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Emotion and Psychotherapy: Historical Perspectives

Several recent events have raised some interesting discussions around the history of psychiatry and psychology. Earlier this month, the Centre for the History of Psychological Disciplines at UCL hosted its second major conference on Psychotherapeutics from the York Retreat to the Present Day. The event realised one of the aims of the centre: to act as a platform for bringing together practitioners and historians. As one psychotherapist attendee commented, looking at history can help personal interactions within psychotherapy. It can also raise many questions. Conference organiser, Sarah Marks, asked whether different forms of psychotherapy have changed the ways in which people view their own behaviour. How do we decide what counts as psychotherapy, and what are the boundaries of it?

Talks covered a range of topics, stretching back well before the York Retreat - commonly regarded as one of the institutions at which "moral treatment" began - and including various practices: art therapy, music therapy, psychoanalysis, occupational therapy and dynamic psychotherapy. One particularly interesting talk covered Morita Therapy in early twentieth-century Japan. Dr Yu-Chuan Wu described how the founder of this practice, Dr Morita, considered that men with "nervous disposition" were important for social progress due to their strong moral sense: illness, for Morita, resulted from this moral sense being focused internally. His therapy was experiential, intending to give his patients an appreciation of work and life for its own sake, and not through expectations of achievement. This had important political implications, however: the deeply conservative Morita actively encouraged his patients to accept the status quo.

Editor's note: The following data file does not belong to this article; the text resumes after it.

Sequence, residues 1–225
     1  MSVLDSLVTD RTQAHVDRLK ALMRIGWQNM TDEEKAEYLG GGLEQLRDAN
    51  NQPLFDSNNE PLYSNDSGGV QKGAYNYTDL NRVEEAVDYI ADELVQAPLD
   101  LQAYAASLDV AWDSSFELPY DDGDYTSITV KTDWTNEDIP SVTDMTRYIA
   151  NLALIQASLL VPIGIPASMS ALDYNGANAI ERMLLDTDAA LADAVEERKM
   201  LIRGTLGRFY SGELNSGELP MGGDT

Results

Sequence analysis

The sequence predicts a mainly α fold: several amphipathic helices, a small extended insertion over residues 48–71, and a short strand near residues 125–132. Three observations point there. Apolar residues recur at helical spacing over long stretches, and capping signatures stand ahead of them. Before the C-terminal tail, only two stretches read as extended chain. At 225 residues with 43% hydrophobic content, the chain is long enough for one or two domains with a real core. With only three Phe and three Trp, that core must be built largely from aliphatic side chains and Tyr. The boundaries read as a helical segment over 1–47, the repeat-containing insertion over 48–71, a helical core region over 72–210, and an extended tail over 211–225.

Other papers looked at the efforts of practitioners to harness the emotions of their patients. Edward Brown discussed the nineteenth-century work of François Leuret, and his efforts to excite the passions, particularly that of fear. Leuret thought that therapy might well be painful, comparing his practice to the physically painful process of surgery.

Yet, as we have previously explored, these emotions themselves can be viewed and studied historically. The Carnival of Lost Emotions, recently made into a short film by the Queen Mary Centre for the History of Emotions, offers a thought-provoking way of exploring these past emotional states.